Nevada February 07, 2017
Here’s The Perfect Weekend Itinerary If You Love Exploring Nevada’s Waterfalls
Everyone loves seeing a beautiful waterfall and it’s a particular thrill too see one up close when you live in such an arid state like Nevada. Believe it or not, you can see some lovely seasonal waterfalls in even the driest parts of Nevada and now is the perfect time of year to go on a weekend waterfall trip!
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This trip covers 842 miles with a total driving time of 14 hours and 21 minutes.
You can click on the image credit link to access the actual Google Map.
Our first stop will be the falls in Lamoille Canyon, of which there are several in both Lamoille and Thomas Canyons.
This beautiful area is located about 30 miles from the town of Elko and the hike to the top of Thomas Canyon is an easy 2-1/2 miles. Thomas Canyon Campground is also a nice place to spend the night before or after you've visited the trail.
From Lamoille we head out to Reno to the Hunter Creek Waterfall Trail/Michael Thompson Trailhead.
The hike is about 6 miles out and back trip and is rated at a moderate level of difficulty. The trail tends to be slippery in some parts, especially if it's recently rained or snowed, so wear good sturdy shoes. The trailhead is at the end of Woodchuck Circle and you can actually find it by simply entering Hunter Creek Waterfall Trail in Google Maps.
Next up is the gorgeous Kings Canyon Waterfall Trail located in Carson City.
The trailhead is located at 4450 Kings Canyon Road. This is a very easy, family-friendly trail and the waterfall can be seen in all seasons.
Now we're going to head down to the Las Vegas area for the rest of our waterfalls. The first is Big Falls.
The Big Falls Trail is located in the Mount Charleston trail system and the hike is about 2 miles total. It's a difficult trail because there is a lot of rock and boulder hopping but the falls themselves are worth the work. The trail is located in Kyle Canyon past the Spring Mountains Visitor Center. Park in the parking lot for the Mary Jane Falls Trailhead and follow that trail til you hit the first set of switchbacks (there are several) and take the road off the trail. Since the trail isn't marked it's a good idea if you're not familiar with the area to
download the directions
and take them with you.
The Mary Jane Falls is the other well known waterfall in the Mount Charleston area.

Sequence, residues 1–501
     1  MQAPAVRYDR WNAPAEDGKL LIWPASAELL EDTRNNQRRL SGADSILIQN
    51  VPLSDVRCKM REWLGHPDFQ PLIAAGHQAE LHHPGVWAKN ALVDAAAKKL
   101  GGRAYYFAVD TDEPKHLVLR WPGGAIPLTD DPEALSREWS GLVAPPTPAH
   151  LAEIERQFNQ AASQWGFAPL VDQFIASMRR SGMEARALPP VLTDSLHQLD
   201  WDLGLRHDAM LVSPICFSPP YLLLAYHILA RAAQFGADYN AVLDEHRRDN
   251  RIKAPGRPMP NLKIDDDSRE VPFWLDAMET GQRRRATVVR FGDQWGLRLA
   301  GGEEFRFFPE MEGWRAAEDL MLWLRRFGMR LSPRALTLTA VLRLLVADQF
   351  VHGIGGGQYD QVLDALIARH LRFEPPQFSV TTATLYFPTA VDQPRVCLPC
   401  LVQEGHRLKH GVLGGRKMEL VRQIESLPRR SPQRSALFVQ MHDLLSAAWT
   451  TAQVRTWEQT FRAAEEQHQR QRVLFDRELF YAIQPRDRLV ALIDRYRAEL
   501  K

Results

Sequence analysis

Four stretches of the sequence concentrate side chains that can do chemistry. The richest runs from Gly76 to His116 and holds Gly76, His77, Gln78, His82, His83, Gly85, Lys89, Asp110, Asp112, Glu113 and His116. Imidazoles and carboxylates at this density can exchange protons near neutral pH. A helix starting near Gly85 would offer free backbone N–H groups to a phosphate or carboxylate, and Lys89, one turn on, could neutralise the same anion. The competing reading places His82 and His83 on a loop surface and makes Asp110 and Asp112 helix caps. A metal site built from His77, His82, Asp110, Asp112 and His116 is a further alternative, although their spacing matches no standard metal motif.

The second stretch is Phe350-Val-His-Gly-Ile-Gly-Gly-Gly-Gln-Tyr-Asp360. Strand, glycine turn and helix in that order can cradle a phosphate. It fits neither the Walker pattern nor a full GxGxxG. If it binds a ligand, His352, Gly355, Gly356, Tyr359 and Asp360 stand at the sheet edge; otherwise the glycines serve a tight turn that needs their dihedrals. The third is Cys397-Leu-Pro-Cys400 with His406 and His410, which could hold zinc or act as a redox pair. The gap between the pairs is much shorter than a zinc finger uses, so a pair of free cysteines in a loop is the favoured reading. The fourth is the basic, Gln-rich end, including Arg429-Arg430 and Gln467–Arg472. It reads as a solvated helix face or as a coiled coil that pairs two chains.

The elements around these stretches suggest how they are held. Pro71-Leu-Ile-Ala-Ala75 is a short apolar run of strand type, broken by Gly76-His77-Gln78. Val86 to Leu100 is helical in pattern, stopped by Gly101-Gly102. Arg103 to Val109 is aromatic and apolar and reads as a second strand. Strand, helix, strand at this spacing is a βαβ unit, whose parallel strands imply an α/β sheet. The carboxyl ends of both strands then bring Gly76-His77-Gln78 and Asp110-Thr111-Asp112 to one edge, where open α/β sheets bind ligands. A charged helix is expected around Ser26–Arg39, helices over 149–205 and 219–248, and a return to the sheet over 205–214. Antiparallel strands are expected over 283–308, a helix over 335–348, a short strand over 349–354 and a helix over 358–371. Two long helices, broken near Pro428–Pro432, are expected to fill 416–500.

Once you've visited Big Falls, you can go back to the Mary Jane Falls trail and continue going back up the switchbacks, which can get a big steep so it's a great thigh workout, and that will eventually bring you to the falls. The total trail is about 2-1/2 miles out and back and overall it's not a hard trail if you're in good physical condition. In addition to the waterfall there's also a small cave you can see. The waterfall tends to be seasonal so spring is the best time to go, but the views are still worth it even if there's no water when you go.
Our next collection of waterfalls is located a bit south of Mount Charleston in the stunning Red Rock Canyon National Conservation Area.
Entering Red Rock requires a day use fee of $7 per vehicle. You can also buy an annual pass for $30 or the America the Beautiful National Parks pass for $80 which gives you access to all of the trails in Red Rock. The park is located off of SR 159/West Charleston Boulevard, which you take west leaving Las Vegas until you reach the park and visitor center. Since several of our waterfalls will be in Red Rock,
download the handy hiking map
from their website! The First Creek Trail is about 3-1/2 miles long and is a good match for any level of hiking skill. The waterfall is small and generally seasonal although the pool is usually there all year long.
Ice Box Canyon is a 2-1/2 mile loop trail that has a river as well as a small seasonal waterfall.
This trail is more suited for intermediate to experienced hikers because there's a lot of rock scrambling, so good hiking shoes and a hiking pole is recommended.
Finally the Lost Creek Grotto Trail, is a nice, short, family friendly hike with a seasonal waterfall and lovely riparian habitat.
The hike is also a lovely spot for a picnic and the trailhead begins at the WIllow Springs Picnic Area. The hike is about 3/4 of a mile total and is an out and back hike. You are also likely to see burros in this area, or at least hear them in the distance, along with many other varied desert wildlife.
Our last two waterfalls may not be "natural" but they're definitely worth a visit while you're in the Las Vegas area. First is the waterfall at Aliante Nature Discovery Park.
This fantastic park is located in North Las Vegas and has a 1/2 mile walking trail good for walking, hiking, jogging and dog walking. There's a lovely lake with ducks and geese and the man made waterfall is a peaceful sight. The park has a fun children's playground as well so this is a nice spot to bring the kids and have a picnic and relax. The park is located at 2627 Nature Park Drive off of North Aliante Parkway.
Being that you're in Vegas, it's time to end your trip with an entertainment spectacle at the Mystic Falls Park in Sam's Town Casino.
Mystic Falls Park is an indoor park with a man-made waterfall, fountains, music and animatronic animals, accompanied by, of course, lasers! This popular free show is definitely a bit on the corny side, but still lots of fun and the kids will love it. It's particularly fun at Christmas when all the holiday lights add an extra dimension to the show. The Sunset Stampede Laser Light Show happens every day at 2:00, 4:00, 6:00, 8:00 and 10:00 pm. Sam's Town Hotel & Gambling Hall is located on 5111 Boulder Highway and it's a fun place to stay the night at the end of your Nevada waterfall journey.
Which waterfall in Nevada is your favorite? Share in the comments!